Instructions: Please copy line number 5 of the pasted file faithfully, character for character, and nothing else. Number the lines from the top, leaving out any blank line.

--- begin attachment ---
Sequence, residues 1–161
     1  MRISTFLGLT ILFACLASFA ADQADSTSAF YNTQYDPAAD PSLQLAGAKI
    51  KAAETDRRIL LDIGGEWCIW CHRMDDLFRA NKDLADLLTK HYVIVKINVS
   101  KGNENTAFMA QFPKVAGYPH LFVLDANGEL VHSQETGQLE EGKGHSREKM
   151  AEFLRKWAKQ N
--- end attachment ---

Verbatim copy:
   151  AEFLRKWAKQ N